Watching Rodrigues on the second PP unit draw out Mo Seider, who abandons the front of the net and leaves J.T. Compher completely alone, and then make the perfect backdoor pass to Compher was simply excellent playmaking on display.
His assist to MacKinnon on essentially the same play catches a tired Larkin again as he is slow to react to MacKinnon’s pace as he hops off the bench. MacKinnon goes to the back post, Larkin fails to make any real attempt to stop him, and Rodrigues outwaits the passing lane and hits his mark. Hockey is easy when you play it like that.
Colorado’s Special Teams
A perfect 3/3 on the penalty kill without surrendering any truly abysmal scoring chances is great. Going 2/4 on the power play after that unit has cratered entirely in the last month is a major step forward.
In just 6:04 of PP time, the Avs scored two goals, registered 11 shot attempts, nine shots on goal, eight scoring chances, and six high-danger chances. They dominated and deserved to actually finish off a play into an open net. The Avs have been due there.
Their zone entries were good as MacKinnon and Alex Newhook were the primary puck carries doing work but Nichushkin had two separate neutral-zone reloads where he got back into the zone with ease and helped set up chances.
The Avs’ special teams have been…sore subjects for people in the last week. We’ll just appreciate what was hopefully a step forward for both units.
Detroit’s first goal
On live, I was so confused about how Pavel Francouz ended up with four players in his immediate vicinity. Well, let’s see how it happens.
Detroit goes to cycle the puck down low and Andreas Englund picks up Andrew Copp. He then leaves Copp alone and goes after the puck. He doesn’t provide any real resistance to Detroit’s plans, however, and then doesn’t switch out to take Copp’s shooting lane away.
Instead, Englund stays to battle at the netfront and instead relies on J.T. Compher to go from the back post all the way across the ice to try to disrupt Copp’s shot attempt. A simple hand-off from Englund in front of the net would’ve allowed Compher to slide to the near post and cover the man Englund eventually took. Englund then would’ve been able to challenge Copp’s shot, which just found its way in through some traffic.
Detroit took the space Colorado’s defense gave them and burned them.
Detroit’s second goal
The Avs just need better from Pavel Francouz here. That isn’t a particularly special shot and it beats him cleanly. Another fine Frankie performance otherwise.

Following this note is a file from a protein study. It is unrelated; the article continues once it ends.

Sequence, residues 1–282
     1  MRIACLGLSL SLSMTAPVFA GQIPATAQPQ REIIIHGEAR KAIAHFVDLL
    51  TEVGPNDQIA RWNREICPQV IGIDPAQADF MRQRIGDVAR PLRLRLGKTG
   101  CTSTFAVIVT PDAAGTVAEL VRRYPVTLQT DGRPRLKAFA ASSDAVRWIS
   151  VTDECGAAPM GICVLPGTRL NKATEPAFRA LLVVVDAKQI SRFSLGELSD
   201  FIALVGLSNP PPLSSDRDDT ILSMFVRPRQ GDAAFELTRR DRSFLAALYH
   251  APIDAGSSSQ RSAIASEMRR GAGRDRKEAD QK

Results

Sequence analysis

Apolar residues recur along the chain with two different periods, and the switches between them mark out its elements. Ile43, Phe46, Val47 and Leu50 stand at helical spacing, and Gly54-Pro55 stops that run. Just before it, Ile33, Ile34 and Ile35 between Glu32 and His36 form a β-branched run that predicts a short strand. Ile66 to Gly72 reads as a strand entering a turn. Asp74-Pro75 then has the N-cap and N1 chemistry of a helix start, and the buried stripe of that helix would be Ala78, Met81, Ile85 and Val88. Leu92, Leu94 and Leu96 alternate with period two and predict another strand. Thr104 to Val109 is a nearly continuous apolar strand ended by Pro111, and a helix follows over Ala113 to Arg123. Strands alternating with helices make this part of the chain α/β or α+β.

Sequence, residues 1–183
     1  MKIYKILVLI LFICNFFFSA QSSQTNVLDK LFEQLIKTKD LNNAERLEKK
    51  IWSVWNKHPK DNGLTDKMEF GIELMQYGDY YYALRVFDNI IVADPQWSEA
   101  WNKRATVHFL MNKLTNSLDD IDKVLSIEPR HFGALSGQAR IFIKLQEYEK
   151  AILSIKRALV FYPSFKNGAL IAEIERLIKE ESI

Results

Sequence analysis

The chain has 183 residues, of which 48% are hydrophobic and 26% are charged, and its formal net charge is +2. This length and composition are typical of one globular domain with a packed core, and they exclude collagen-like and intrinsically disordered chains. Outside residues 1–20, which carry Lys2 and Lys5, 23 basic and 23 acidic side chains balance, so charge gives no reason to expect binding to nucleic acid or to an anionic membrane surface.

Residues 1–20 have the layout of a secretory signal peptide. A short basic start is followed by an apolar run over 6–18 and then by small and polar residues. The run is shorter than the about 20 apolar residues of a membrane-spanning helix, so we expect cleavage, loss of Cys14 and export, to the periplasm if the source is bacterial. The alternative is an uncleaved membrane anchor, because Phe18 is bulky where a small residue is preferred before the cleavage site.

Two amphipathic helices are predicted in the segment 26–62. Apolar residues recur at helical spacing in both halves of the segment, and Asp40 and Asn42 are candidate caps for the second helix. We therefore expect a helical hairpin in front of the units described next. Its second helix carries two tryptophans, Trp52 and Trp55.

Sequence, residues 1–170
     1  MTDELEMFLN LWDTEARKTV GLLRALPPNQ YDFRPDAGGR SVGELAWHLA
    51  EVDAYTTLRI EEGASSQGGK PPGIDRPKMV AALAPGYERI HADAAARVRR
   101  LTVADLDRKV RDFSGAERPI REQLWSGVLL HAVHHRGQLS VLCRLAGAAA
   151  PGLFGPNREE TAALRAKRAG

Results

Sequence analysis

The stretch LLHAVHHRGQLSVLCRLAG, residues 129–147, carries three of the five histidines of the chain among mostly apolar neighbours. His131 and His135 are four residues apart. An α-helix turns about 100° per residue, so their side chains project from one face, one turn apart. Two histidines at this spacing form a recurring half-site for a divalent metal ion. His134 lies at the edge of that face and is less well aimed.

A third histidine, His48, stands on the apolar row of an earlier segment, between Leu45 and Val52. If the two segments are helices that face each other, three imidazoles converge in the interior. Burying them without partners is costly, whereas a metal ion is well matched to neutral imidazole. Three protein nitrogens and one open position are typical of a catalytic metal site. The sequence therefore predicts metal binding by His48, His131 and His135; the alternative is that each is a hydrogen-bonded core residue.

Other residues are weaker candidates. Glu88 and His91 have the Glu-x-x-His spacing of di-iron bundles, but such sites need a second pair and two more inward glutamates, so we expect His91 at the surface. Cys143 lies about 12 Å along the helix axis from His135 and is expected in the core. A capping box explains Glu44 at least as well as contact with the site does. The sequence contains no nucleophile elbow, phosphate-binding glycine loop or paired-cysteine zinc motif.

If you watch the clips above (and even the one below), you’ll find Larkin losing puck battles, footraces, and generally getting outworked and outplayed by several different Avs in this game. He’s too tired to press Detroit’s advantage in the first period and only produces a weak wrister that Francouz had no issue handling.
He loses a race to Husso’s backdoor on MacKinnon’s second goal. He gets outworked by Ben Meyers. He gets outplayed throughout the game.
It’s a totally pie-in-the-sky combination but with Larkin a pending UFA at the end of this season, it seems like he’d be an amazing fit in Colorado’s system thanks to its emphasis on Larkin’s best skill, his skating.
That price tag is likely to be far too much to make it worth it for the Avs, but they’d be crazy not to at least inquire. If Larkin was trying to show anything at all to Avs’ management, that mission was surely not accomplished.
This was a space where people felt strongly I could include a role player who I thought separated himself from the back a little bit in games. Some games have been tougher to find a guy, but this one I really loved we saw from Meyers.
There are no goals here but you’ll see Meyers outworking Larkin for a zone exit. He shows off his relentless work ethic in creating scoring chances, and generally zipping around the ice with his quality skating on display.
Here he wins board battles, draws a penalty in transition, gets a shot on goal that results in a Detroit icing attempt, and then another hard-working shift on offense. I loved his little head fake as he headed into the corner and dusted Jake Walman, who also found himself on the wrong end of several of these highlights.
It’s not a big thing from Meyers, but a closer examination reveals a more productive night than the negative Corsi night might suggest.